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Will Xilinx's Hot 5G Catalyst Fade Away?

By Harsh Chauhan – Updated Apr 25, 2019 at 12:17AM

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Investors in the high-flying chipmaker need to watch this potential headwind.

Xilinx (XLNX) is probably one of hottest semiconductor names on the stock market. Shares of the chipmaker have defied the broader market weakness over the past year and as of this writing trade very close to their 52-week highs.

Those who have been following Xilinx for a long time wouldn't be surprised at the company's rapid rise, as it was pulling strings in the right areas to boost long-term growth. The company's latest third-quarter results, quite expectedly, gave it yet another massive boost thanks to the early ramp in the 5G business, as well as continued strength across other segments such as automotive, data centers, and industrial.

But with Xilinx stock now trading at a rich trailing price-to-earnings (P/E) ratio of 34, which is nearly double the industry average and the broader S&P 500 index, does it make sense for new investors to jump into the stock based on the 5G excitement? Let's find out.

Stressed woman sitting with her hands on her face.

Image Source: Getty Images.

Something to be afraid of

Xilinx had always expected that fifth generation (5G) wireless networks would be a catalyst, but it probably didn't expect this space to start paying off so soon. Its 5G chip platforms moved from the prototyping phase to the early production phase during the fiscal second quarter. So, the 41% annual jump in its communications business, thanks to early 5G deployments, was a welcome surprise.

CEO Victor Peng credited "5G deployments in South Korea and a very early start of the ramp of 5G deployments in China" for Xilinx's strong performance in the communications business, which supplied 35% of its revenue last quarter. As such, the proliferation of 5G networks in the coming years should be a long-term tailwind for Xilinx, though that might be easier said than done.

Xilinx is known for making field-programmable gate arrays (FPGAs). These are programmable chips that aren't made with a specific purpose, so they can be easily configured after being bought off the shelf, which saves on both time and costs. FPGAs work for early stage 5G deployments as carriers need to test the new networks and the related algorithms, and that may require regular tweaks and updates.

That's where Xilinx's FPGAs excel, since they can be reprogrammed multiple times, giving developers a low-cost option to test new technology. However, demand for these programmable chips starts waning in a couple of years once the standards are set and application-specific integrated circuits (ASICs) are designed for those tasks.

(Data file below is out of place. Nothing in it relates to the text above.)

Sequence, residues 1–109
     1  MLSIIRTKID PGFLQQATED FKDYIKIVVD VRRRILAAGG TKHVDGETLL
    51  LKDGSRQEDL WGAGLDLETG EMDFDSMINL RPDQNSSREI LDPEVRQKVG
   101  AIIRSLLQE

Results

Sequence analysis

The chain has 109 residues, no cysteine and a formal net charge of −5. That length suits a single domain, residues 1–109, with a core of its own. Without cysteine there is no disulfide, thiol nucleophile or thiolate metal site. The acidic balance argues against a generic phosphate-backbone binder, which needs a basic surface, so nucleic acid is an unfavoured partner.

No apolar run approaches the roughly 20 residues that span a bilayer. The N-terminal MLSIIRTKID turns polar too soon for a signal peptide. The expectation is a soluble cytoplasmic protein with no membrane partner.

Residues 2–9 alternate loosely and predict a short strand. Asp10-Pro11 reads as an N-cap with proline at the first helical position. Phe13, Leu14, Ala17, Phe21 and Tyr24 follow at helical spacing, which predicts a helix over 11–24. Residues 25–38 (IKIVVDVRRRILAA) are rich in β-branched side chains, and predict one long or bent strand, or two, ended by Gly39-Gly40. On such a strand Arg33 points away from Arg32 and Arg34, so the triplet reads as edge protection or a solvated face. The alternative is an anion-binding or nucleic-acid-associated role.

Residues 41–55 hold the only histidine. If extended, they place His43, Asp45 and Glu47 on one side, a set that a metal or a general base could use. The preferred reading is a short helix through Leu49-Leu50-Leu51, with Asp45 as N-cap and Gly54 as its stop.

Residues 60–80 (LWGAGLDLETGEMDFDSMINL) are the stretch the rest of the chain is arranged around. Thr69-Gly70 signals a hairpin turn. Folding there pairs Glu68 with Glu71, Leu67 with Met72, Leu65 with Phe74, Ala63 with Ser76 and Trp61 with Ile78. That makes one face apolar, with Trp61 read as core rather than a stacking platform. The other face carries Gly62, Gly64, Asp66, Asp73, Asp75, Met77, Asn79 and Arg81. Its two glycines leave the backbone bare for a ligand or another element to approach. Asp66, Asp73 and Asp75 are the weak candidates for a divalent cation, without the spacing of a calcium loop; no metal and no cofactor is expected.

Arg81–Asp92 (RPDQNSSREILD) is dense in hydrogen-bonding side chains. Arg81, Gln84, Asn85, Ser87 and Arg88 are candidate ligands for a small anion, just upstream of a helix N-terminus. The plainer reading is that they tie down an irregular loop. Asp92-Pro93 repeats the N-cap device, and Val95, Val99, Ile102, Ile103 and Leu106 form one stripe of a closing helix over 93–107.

Development of ASICs usually takes around two years and a lot of money, so Xilinx's FPGAs are in strong demand in the early 5G deployment phase. But once a custom chip comes out, the chipmaker could lose market share to rivals because the former are supposed to perform faster and also cost less since they are already programmed for that purpose.

Cavium, which was acquired by Marvell Technology in 2018, already showcased its next-generation 5G chips at the Mobile World Congress last year. Nokia, meanwhile, launched its ReefShark 5G chipsets last year in January, claiming that they can reduce the size of 5G antennas considerably and also reduce power consumption of baseband units by 64%.

However, the good news is that Xilinx has found ways to beat this inevitability by ingraining itself deeply into the 5G ecosystem.

Check out the latest Xilinx earnings call transcript.

Xilinx's smart play

One way to remain in the 5G play is by offering something extra to customers. That's why Xilinx is offering not just chips that help developers develop 5G-specific applications, but also a multiprocessing system-on-a-chip (SoC) that combines radio frequency chips and a processing system that it claims to be an industry-first.

According to Xilinx, its integrated 5G chip platform reduces system power consumption and size by 50% to 75% by integrating analog, digital, and embedded software design into one design instead of separate systems. Xilinx management believes that products like these will help it take advantage of 5G deployments for a long time despite the eventual move to ASICs.

As such, Xilinx could sustain its 5G momentum for years to come, which could be a big deal for the company as the 5G network infrastructure market is estimated to increase at a annual pace of 118% through 2022, according to IDC.

That's probably one of the reasons why Xilinx's earnings are expected to grow at a nice clip over the next two fiscal years and beyond. Analysts expect the company to triple its earnings growth rate for the next half-decade when compared to the last five years, and that could be possible thanks to the 5G tailwind and the other catalysts Xilinx is sitting on.

As such, those who have missed Xilinx's run so far can still consider buying the stock despite its rich valuation because it has the potential to grow at a faster pace in the future.

Harsh Chauhan has no position in any of the stocks mentioned. The Motley Fool has no position in any of the stocks mentioned. The Motley Fool has a disclosure policy.

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